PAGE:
Congo's Ebola outbreak to last at least 6 more months

  • The Ebola outbreak in northeastern Democratic Republic of Congo, which has already killed more than 200 people, is expected to last until mid-2019, a senior World Health Organization official said on Tuesday.
  • The outbreak in Congo's North Kivu province has caused 333 confirmed and probable cases of the deadly virus, and is now the worst in Congo's history.
  • There had been an epidemiological breakthrough around late October, when a change in the age distribution of Ebola patients revealed that many of them were children being treated for malaria in informal health centers.
An Ebola patient is being checked by two medical workers after being admitted into a Biosecure Emergency care Unite (CUBE) on August 15, 2018 in Beni, Democratic Republic of the Congo.
John Wessels | AFP | Getty Images
An Ebola patient is being checked by two medical workers after being admitted into a Biosecure Emergency care Unite (CUBE) on August 15, 2018 in Beni, Democratic Republic of the Congo.

The Ebola outbreak in northeastern Democratic Republic of Congo, which has already killed more than 200 people, is expected to last until mid-2019, a senior World Health Organization official said on Tuesday.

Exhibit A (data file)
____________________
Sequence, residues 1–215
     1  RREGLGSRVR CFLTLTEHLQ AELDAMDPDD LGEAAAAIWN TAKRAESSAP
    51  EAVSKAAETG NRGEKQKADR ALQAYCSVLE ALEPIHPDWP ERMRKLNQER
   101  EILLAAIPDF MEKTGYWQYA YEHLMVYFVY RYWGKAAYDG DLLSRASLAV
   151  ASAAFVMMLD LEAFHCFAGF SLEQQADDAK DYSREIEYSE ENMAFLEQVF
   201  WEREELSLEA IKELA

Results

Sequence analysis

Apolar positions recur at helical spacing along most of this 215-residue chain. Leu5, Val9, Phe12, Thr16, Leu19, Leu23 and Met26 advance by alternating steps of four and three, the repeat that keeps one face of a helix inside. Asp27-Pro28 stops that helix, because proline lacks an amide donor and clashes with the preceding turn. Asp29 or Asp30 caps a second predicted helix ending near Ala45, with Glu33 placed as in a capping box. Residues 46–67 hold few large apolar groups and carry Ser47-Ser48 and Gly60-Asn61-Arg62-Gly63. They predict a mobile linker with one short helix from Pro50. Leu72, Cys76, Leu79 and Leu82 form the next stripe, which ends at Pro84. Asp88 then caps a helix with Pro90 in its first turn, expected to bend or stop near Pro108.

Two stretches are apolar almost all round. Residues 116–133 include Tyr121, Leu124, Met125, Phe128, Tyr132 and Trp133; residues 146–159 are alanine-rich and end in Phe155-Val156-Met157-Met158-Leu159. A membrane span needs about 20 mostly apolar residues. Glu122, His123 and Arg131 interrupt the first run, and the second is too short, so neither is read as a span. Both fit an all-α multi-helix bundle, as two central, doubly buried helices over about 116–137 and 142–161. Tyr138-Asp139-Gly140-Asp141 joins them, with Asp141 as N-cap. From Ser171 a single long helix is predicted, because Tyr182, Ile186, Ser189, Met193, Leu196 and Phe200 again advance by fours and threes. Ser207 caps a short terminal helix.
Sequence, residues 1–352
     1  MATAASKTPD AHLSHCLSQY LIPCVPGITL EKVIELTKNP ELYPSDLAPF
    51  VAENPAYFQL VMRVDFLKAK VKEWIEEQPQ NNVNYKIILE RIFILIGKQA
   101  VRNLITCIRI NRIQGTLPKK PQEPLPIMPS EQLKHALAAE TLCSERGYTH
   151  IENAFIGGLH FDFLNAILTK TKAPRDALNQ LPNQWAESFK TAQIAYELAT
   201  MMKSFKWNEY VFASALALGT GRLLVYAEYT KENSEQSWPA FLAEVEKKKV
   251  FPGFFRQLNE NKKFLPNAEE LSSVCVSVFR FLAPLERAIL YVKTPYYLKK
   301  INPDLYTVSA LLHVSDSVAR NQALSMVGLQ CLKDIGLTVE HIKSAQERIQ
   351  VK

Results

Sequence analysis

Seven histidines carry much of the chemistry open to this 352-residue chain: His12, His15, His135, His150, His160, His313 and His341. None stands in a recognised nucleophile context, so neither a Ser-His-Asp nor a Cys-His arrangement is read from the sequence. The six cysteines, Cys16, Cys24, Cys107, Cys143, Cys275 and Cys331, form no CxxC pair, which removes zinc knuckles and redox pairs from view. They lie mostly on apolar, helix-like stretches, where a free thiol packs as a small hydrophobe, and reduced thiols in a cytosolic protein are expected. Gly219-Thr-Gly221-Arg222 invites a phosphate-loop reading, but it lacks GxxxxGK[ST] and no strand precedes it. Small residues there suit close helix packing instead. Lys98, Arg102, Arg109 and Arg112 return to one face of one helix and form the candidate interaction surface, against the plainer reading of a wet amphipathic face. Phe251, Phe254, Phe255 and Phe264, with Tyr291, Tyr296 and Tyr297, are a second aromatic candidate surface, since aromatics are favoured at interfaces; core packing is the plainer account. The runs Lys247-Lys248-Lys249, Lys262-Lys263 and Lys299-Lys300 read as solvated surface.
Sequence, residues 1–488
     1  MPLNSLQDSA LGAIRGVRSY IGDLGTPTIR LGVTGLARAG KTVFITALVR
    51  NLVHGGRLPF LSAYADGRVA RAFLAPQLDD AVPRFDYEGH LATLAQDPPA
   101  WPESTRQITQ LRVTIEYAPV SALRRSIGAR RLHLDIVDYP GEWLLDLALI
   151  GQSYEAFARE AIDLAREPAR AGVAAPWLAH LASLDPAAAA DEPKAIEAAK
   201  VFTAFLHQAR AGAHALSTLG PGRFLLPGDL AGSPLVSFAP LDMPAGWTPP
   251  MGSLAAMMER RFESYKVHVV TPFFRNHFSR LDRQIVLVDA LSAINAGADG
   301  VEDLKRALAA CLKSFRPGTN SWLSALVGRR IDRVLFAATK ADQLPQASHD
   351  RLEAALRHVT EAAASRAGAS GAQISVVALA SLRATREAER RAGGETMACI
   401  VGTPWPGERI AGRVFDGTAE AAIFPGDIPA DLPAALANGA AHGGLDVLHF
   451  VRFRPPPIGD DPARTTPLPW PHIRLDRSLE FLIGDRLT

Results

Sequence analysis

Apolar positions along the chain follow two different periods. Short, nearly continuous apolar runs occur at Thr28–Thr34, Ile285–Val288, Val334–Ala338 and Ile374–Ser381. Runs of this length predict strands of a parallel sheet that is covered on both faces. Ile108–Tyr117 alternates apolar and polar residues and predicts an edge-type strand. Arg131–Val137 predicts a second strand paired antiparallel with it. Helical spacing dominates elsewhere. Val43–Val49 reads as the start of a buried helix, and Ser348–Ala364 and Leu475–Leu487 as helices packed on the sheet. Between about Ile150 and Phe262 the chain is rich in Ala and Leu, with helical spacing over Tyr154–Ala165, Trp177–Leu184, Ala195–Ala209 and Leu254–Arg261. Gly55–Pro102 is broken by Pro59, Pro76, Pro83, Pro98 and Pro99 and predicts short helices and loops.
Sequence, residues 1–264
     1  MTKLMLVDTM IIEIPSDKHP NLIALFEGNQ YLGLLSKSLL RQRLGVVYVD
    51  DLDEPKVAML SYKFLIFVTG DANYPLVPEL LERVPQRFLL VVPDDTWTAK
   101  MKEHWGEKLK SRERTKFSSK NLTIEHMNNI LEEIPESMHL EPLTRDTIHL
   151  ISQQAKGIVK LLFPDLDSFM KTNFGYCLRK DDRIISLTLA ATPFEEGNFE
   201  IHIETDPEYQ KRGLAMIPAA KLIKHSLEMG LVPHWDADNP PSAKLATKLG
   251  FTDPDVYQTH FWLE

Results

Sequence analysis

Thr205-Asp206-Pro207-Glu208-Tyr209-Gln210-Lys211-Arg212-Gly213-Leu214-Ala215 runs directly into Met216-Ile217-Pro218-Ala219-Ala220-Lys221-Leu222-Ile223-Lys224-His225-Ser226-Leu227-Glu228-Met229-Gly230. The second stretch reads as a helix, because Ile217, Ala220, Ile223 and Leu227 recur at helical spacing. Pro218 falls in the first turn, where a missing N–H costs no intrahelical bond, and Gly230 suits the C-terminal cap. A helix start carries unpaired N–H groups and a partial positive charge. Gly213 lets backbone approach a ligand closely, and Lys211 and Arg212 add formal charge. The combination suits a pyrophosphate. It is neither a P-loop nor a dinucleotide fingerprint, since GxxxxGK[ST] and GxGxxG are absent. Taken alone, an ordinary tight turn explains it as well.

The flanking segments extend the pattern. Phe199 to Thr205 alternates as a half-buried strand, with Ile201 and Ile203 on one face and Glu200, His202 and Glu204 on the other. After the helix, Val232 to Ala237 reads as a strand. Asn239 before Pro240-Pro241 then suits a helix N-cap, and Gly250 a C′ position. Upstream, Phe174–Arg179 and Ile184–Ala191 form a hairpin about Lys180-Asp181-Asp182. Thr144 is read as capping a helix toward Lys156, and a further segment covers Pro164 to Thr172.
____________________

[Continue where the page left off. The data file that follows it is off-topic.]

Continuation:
"It's very hard to predict timeframes in an outbreak as complicated as this with so many variables that are outside our control, but certainly we're planning on at least another six months before we can declare this outbreak over," WHO emergency response chief Peter Salama told reporters.

The outbreak in Congo's North Kivu province has caused 333 confirmed and probable cases of the deadly virus, and is now the worst in Congo's history.

The location of the disease is perhaps the most difficult the WHO has ever enountered, due to a dense and mobile local population, insecurity caused by two armed groups, and its spread by transmission in health centres, Salama said.

One of the major drivers of the spread of the disease was due to people visiting the several hundred "tradi-modern" health centres in the town of Beni, he said.

"Those facilities, we believe, are one of the major drivers of transmission," he said.

The tradi-modern facilities were unregulated, informal, and varied from being a standalone structure to a room in someone's house, and were not set up to spot Ebola, let alone tackle cases of the disease.

Many had no running water for handwashing, and patients - who generally opted for injectable medicine because they felt it gave them a stronger form of medicine - would reuse needles.

"With the injections come the risks," Salama said.

There had been an epidemiological breakthrough around late October, when a change in the age distribution of Ebola patients revealed that many of them were children being treated for malaria in the tradi-modern health centres.